managers, staff nurses and enrolled nurses and students

    (4) on a mental health branch programme in years 2 and

    3 of their course who had received classroom-based

    preparation for ECT. All participants were working in

    two hospitals within a Scottish Health Board practising

    in an adult or old age mental health setting where ECT

    was provided on a twice weekly basis. Selection was

    based on: willingness to participate; direct experience of

    working with patients receiving ECT and on theoretical


    The rst participant was chosen purposively in one of

    the hospitals and thereafter through theoretical sam-

    pling (Glaser and Strauss, 1967; Glaser, 1992, 1998)

    where such concerns directed further sampling. There-

    fore, participants were included on the basis of the

    emerging theory with the researcher going to where the

    person was practising or following up a potential key

    informant on the basis of information provided in the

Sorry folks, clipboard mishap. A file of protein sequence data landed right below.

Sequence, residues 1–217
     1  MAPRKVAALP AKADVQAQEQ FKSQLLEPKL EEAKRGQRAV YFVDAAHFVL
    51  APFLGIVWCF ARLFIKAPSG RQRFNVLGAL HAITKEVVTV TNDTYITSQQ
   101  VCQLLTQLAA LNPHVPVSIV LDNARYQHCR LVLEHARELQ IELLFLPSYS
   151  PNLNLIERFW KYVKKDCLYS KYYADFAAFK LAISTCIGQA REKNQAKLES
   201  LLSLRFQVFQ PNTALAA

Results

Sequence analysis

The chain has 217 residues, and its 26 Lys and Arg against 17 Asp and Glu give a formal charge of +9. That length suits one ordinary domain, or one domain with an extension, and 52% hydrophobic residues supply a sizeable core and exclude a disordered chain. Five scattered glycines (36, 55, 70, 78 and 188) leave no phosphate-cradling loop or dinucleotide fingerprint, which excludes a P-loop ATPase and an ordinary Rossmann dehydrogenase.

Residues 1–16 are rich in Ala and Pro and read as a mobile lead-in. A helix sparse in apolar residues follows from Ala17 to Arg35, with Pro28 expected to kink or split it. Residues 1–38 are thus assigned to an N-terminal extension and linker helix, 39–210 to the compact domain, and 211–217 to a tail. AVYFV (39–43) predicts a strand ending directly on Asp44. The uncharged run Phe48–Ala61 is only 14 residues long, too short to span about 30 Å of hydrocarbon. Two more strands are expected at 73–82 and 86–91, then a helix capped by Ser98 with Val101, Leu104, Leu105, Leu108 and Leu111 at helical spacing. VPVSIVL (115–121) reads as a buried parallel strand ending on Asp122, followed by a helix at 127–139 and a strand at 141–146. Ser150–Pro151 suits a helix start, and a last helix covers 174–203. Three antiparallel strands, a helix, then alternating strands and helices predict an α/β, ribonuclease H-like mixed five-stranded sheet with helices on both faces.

2.2. Data collection

    Data was obtained through non-participant observa-

    tion and unstructured interviews consistent with multi-

    method routes of data collection in qualitative research

    (Smith and Biley, 1997, p. 21). This countered the

    potential for aws in the subsequent analysis when

    based upon a single data source (Hammersley and

    Atkinson, 1983). Through observation the researcher

    was able to directly access the area of interest,

    particularly nurses interactions with patients and others

    prior to, during and after the patients treatment. This

    involved collecting data on wards, travelling to treat-

    ment, during treatment, returning to wards and during

    the patients continued recovery. During periods of

    observation the researcher did not take a direct role in

    activities. Observation notes were sometimes made as

    events were unfolding and when this was not possible

    as quickly afterwards to retain as much information as


    Coupled with observation in most instances, 24

    interviews were made in the participants place of work,

    in accordance with the approach discussed by Wimpen-

    ny and Gass (2000). The researcher used unstructured

    formal interviews which were tape recorded and